Class Action Lawsuit Claiming FCRA Violations Dismissed for Failure to Allege Concrete Injury


Class Action Lawsuit Claiming FCRA Violations Dismissed for Failure to Allege Concrete Injury

On October 25, 2022, a Court of Appeal in California dismissed a proposed class action lawsuit that claimed an employer violated the federal Fair Credit Reporting Act (FCRA) by failing to provide a prospective employee with proper disclosures to receive authorization to obtain a background check on him because the plaintiff failed to allege any “concrete injury.”

The plaintiff – a former employee of the employer – claimed the defendant violated the FCRA by including extraneous information on its background check disclosure form. Under the FCRA, an employer may not obtain a background check unless “a clear and conspicuous disclosure has been made in writing… in a document that consists solely of the disclosure.”

The defendant – an American chain of convenience stores – countered the plaintiff’s argument that the disclosure violated the “standalone” requirement of the FCRA by claiming that any alleged “confusion” suffered by the plaintiff was insufficient to establish an injury because there were no “downstream consequences” that impacted his employment.

The Court of Appeal of the State of California Fifth Appellate District agreed with the defendant. In affirming a previous judgment of dismissal and granting the defendant’s motion to dismiss, the court explained that the plaintiff “has not alleged a concrete or particularized injury to his privacy interest sufficient to afford him an interest in pursuing his claims vigorously.”

The court also found that the plaintiff’s “alleged informational injury is insufficient under California law to confer upon him standing to pursue his claim in state court. We conclude, under California law, that an informational injury that causes no adverse effect is insufficient to confer standing upon a private litigant to sue under the FCRA.”

On June 25, 2021, the Supreme Court of the United States ruled in TransUnion LLC v. Ramirez that a plaintiff must suffer a “concrete harm” resulting from a defendant’s statutory violation of federal statute such as the FCRA to have sufficient standing to sue under Article III of the United States Constitution. “No concrete harm, no standing,” read the majority opinion 

On May 16, 2016, in a similar case to TransUnion, the Supreme Court ruled in Spokeo v. Robins and established that standing consisted of three elements. “The plaintiff must have (1) suffered an injury in fact, (2) that is fairly traceable to the challenged conduct of the defendant, and (3) that is likely to be redressed by a favorable judicial decision,” read the opinion.

Enacted by Congress in 1970, the FCRA protects information collected by consumer reporting agencies. Information in a consumer report cannot be provided to anyone who does not have a purpose specified in the FCRA. In addition, users of the information must notify the consumer when an adverse action is taken on the basis of such reports.

ClearStar is a leading Human Resources technology company that specializes in background checks, drug testing, and occupational health screening. ClearStar offers background check solutions that empower employers to make informed hiring decisions and comply with the FCRA and various state and local laws. To learn more, contact ClearStar today.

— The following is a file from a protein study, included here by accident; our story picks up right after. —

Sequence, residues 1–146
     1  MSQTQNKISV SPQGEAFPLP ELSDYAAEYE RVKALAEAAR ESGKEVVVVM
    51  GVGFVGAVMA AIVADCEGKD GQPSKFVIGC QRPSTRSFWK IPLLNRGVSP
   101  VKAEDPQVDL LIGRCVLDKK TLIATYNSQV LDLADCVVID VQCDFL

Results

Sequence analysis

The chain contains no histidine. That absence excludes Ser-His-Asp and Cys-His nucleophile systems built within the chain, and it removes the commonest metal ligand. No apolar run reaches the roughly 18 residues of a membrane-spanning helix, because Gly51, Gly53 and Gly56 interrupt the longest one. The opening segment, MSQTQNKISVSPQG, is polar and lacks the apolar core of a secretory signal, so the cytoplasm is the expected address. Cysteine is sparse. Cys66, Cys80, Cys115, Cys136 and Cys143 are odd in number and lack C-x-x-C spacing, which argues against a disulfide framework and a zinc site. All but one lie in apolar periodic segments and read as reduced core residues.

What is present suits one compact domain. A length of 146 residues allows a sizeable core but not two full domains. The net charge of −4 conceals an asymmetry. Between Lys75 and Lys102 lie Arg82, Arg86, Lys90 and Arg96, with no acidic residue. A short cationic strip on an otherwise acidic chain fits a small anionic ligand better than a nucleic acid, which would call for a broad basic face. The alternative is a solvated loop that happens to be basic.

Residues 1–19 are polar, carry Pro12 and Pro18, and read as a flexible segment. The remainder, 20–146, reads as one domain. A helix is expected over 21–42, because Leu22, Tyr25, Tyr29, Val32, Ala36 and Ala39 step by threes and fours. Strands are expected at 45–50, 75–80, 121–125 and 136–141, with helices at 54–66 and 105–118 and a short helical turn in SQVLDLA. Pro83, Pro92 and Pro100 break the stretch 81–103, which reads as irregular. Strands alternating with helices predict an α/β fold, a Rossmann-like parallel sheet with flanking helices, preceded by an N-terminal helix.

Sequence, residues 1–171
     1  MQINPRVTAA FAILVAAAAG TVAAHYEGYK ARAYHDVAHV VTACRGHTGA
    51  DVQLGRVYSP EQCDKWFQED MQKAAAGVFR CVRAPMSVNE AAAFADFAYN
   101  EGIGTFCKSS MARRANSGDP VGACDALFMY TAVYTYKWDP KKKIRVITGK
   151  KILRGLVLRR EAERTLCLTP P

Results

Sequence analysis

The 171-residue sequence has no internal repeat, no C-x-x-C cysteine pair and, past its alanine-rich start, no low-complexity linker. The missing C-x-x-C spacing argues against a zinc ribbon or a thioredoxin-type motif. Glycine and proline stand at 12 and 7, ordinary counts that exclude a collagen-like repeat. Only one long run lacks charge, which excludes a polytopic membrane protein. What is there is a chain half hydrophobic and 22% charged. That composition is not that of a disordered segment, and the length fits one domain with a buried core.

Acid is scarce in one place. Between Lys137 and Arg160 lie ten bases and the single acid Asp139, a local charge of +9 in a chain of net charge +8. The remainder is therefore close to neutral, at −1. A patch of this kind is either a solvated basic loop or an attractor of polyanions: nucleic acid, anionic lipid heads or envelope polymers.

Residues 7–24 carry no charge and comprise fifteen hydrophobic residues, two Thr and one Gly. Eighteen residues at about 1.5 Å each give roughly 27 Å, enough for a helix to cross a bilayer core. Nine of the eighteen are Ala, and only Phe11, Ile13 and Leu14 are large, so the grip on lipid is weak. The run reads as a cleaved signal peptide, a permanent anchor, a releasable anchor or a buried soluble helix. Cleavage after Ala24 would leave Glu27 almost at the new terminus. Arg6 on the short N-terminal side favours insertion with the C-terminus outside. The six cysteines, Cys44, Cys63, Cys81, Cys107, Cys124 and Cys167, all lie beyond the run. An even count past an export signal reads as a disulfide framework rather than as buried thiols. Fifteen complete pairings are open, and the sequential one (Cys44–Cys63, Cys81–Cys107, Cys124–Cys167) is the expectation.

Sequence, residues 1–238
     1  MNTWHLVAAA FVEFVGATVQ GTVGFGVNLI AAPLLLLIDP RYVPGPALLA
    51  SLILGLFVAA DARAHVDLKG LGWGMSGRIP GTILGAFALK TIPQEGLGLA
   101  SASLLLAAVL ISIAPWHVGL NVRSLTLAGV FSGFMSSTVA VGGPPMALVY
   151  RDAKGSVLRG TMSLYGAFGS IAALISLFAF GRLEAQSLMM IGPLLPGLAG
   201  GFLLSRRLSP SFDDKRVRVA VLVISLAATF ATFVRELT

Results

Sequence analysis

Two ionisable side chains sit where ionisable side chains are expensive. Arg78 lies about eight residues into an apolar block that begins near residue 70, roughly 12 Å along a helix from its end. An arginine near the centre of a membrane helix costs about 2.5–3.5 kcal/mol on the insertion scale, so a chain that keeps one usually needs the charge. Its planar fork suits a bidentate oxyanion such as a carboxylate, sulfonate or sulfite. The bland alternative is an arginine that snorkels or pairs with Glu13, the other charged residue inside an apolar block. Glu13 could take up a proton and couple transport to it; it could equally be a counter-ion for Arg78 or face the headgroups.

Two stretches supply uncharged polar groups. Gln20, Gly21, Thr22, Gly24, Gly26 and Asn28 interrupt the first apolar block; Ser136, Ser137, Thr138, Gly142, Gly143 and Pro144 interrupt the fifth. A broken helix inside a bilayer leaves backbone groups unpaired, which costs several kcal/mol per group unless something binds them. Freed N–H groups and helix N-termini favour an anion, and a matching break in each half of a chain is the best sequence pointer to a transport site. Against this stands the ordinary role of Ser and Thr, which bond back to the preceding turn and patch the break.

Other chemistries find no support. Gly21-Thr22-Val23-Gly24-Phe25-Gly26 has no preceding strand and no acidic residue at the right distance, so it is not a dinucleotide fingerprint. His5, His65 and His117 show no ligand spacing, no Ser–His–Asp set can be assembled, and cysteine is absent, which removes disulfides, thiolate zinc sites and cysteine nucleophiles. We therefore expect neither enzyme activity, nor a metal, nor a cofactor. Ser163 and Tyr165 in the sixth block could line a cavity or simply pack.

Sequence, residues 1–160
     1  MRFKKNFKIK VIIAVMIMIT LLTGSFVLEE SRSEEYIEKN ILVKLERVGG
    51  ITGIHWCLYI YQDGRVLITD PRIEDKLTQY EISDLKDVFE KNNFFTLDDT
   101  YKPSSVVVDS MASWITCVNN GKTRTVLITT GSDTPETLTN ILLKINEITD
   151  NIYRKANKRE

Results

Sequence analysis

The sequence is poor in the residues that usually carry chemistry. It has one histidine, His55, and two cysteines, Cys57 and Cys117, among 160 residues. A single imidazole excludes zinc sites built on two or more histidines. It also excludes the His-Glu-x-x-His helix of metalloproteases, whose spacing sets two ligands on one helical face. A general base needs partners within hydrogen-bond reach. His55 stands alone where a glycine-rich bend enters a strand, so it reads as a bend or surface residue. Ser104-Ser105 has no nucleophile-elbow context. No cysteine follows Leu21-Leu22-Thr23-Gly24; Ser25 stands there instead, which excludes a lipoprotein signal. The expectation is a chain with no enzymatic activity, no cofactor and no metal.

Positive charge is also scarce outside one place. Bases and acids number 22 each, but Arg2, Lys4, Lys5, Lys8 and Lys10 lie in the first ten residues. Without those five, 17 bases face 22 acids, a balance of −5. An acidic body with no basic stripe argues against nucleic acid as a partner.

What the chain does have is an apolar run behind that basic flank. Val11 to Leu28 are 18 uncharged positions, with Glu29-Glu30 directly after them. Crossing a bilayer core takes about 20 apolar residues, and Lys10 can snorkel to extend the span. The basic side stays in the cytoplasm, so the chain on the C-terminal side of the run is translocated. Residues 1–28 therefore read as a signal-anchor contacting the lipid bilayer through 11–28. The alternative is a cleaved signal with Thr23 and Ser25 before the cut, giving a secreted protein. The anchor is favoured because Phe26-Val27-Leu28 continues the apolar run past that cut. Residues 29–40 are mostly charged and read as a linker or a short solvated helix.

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    Thomas Ahearn - Digital Content Editor

    Thomas Ahearn is a Digital Content Editor at ClearStar, a leading Human Resources (HR) technology company specializing in background checks, drug testing, and occupational health screening. He writes about a variety of topics in the background screening industry including "Ban the Box," class action lawsuits, credit reports, criminal records, drug testing, the Equal Employment Opportunity Commission (EEOC), the Fair Credit Reporting Act (FCRA), HR technology, identity theft, privacy, social media screening, and workplace violence.

    At ClearStar, we are committed to your success. An important part of your employment screening program involves compliance with various laws and regulations, which is why we are providing information regarding screening requirements in certain countries, region, etc. While we are happy to provide you with this information, it is your responsibility to comply with applicable laws and to understand how such information pertains to your employment screening program. The foregoing information is not offered as legal advice but is instead offered for informational purposes. ClearStar is not a law firm and does not offer legal advice and this communication does not form an attorney client relationship. The foregoing information is therefore not intended as a substitute for the legal advice of a lawyer knowledgeable of the user’s individual circumstances or to provide legal advice. ClearStar makes no assurances regarding the accuracy, completeness, or utility of the information contained in this publication. Legislative, regulatory and case law developments regularly impact on general research and this area is evolving rapidly. ClearStar expressly disclaim any warranties or responsibility or damages associated with or arising out of the information provided herein.


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